“It looks like a bunch of weeds,” said David Froba when he pulled over to look at an early stage restoration project near the confluence of the Tuolumne, San Joaquin and Stanislaus Rivers, just west of Modesto.
The “weeds” may not be as attractive as the ducks, geese, and songbirds that capture the attention of nature lovers when they visit the nearby San Joaquin River National Wildlife Refuge, but they’re just as necessary to the ongoing restoration of the riparian and floodplain habitat along the rivers.
Last Friday, Froba and several fellow members of the Stanislaus Audubon Society Board of Directors visited a restricted portion of the Dos Rios Ranch, which is slated to become California’s newest State Park. Coupled with the adjacent national wildlife refuge, the new park will be part of one of the largest floodplain and riparian restorations in the state. Much of the restoration has been managed by River Partners, a detail-obsessed organization dedicated to bringing life and sustainability back to the state’s rivers, floodplains, and riparian forests.
Mugwort, gum plant, native sunflowers, and creeping wild rye are among several components of the weedy understory of plants necessary to attract and sustain formerly abundant Valley birds like the Least Bell’s Vireo, which appeared on the wildlife refuge in 2005 after a decades-long absence from the San Joaquin Valley. Today, with the planting of the appropriate understory and hundreds of thousands of cottonwoods, willows, box elder and oaks, local nature lovers are hopeful that Yellow-billed Cuckoos, a threatened species throughout the west, will find their way back to the river habitat they found attractive for nesting as late as the 1960s.
The San Joaquin River National Wildlife Refuge has already been a major factor in the recovery of the Aleutian Cackling Goose, a winter visitor whose numbers had dropped to under six-hundred in the 1980s. Thanks to restoration work by the U.S. Fish and Wildlife Service, National Audubon Society and organizations like River Partners, today’s population of the once-endangered goose numbers over 200,000.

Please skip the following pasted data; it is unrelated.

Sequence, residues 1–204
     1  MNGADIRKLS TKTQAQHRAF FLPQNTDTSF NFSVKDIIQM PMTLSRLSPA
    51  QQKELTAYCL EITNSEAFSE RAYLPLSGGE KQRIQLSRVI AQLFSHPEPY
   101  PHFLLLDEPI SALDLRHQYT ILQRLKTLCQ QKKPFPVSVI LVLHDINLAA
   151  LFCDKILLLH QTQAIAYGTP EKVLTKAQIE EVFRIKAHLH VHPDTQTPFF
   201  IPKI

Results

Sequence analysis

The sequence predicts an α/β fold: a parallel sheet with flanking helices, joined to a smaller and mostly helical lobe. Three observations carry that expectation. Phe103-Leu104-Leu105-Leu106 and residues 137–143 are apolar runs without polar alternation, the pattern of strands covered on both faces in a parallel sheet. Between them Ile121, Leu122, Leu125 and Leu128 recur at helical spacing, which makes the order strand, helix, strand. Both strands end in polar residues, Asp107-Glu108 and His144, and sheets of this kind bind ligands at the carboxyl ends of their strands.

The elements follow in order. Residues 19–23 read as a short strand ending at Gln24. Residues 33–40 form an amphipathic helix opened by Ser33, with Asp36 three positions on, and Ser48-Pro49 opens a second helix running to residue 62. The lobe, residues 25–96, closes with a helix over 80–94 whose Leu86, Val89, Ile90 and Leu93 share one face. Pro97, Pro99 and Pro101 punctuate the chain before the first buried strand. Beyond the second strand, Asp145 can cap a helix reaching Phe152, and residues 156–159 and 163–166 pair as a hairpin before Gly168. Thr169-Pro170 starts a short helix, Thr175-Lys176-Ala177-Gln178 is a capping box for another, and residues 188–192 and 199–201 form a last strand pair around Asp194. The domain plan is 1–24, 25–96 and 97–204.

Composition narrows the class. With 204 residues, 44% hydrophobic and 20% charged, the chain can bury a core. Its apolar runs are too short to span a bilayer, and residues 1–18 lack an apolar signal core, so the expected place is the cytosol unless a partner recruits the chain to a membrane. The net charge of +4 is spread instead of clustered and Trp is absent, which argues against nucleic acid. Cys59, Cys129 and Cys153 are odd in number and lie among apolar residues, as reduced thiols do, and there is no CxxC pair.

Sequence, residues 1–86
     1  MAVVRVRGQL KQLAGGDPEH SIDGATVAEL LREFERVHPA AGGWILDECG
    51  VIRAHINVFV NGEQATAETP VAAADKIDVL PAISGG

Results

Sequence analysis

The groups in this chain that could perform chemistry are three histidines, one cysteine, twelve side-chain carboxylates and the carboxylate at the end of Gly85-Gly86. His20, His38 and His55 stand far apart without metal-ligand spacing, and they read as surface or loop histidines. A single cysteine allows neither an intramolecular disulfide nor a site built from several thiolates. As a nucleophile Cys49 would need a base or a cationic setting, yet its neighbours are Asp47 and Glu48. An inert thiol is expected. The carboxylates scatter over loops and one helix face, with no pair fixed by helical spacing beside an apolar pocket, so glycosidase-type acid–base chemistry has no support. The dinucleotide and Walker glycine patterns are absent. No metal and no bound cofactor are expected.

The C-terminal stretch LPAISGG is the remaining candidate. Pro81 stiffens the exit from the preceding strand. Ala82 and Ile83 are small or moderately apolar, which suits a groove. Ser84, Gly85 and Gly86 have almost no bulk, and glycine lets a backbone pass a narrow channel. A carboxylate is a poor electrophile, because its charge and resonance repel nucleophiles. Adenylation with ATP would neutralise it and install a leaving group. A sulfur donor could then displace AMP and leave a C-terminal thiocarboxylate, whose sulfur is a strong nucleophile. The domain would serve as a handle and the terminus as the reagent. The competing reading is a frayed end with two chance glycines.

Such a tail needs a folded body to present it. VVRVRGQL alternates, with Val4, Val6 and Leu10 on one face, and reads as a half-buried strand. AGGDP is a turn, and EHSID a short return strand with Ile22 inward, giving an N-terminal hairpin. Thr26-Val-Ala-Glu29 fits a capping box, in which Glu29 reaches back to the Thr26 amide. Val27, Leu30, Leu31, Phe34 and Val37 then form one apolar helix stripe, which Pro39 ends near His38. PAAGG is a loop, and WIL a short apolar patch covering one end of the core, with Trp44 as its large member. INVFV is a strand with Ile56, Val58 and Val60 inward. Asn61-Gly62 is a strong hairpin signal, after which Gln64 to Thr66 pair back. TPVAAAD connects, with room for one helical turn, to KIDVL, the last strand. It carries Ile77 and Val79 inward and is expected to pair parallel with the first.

Another endangered species, the Riparian Brush Rabbit, is so sensitive that visitors to restricted portions of its small territory must bathe their shoes in a dilute bleach mixture to prevent tracking in RHDV2, a highly contagious and often fatal disease that only recently was discovered on the refuge. The tiny rabbits also require a precise mix of over- and understory vegetation to insure their recovery.
With the ongoing purchase and restoration of farmland along the rivers, River Partners is also working to bring back the floodplain that once served as nature’s way of controlling the rivers during high water flooding events.
“We want it to be flooded,” said River Partners’ Restoration Ecologist Haley Mirts, pointing to slightly higher ground along a section of the Dos Rios where an orchard still produces almonds.
Ultimately, that section of land will become a nursery for migrating juvenile salmon as they return from upriver spawning grounds, giving them space to mature and gain strength while safe from predators. The floodplain will mark a return to natural flood control and also serve an important role in groundwater recharge, a crucial need as Valley residents confront depleted aquifers, climate change, and reduced water allotments for lawns and gardens.
“We have one year, four year, and five-and-a-half year successional plantings,” said Mirts, as she explained the biological strategy for restoring the natural diversity that once typified river habitats throughout the state. Ultimately, the mix of native plants, trees, birds and mammals will provide a living library of nature, even while providing practical benefits like flood control, preservation of endangered species, and recreation.
For bird lovers like members of Stanislaus Audubon Society, the thrill of seeing native species like Swainson’s Hawk, Lazuli Bunting and Blue Grosbeak thrive in their natural habitat is exceeded only by their gratitude for the work of the Central Valley Joint Venture, including River Partners. Absent their dedication to restoring the loss of 95% or our riparian forests and 90% of our native wetlands, recovery of wounded nature would almost certainly be doomed.
Instead, the ongoing restoration of the San Joaquin Valley’s rivers, floodplains and spectacular wildlife provides multiple reasons to be optimistic about humankind’s role as nature’s guardian and steward.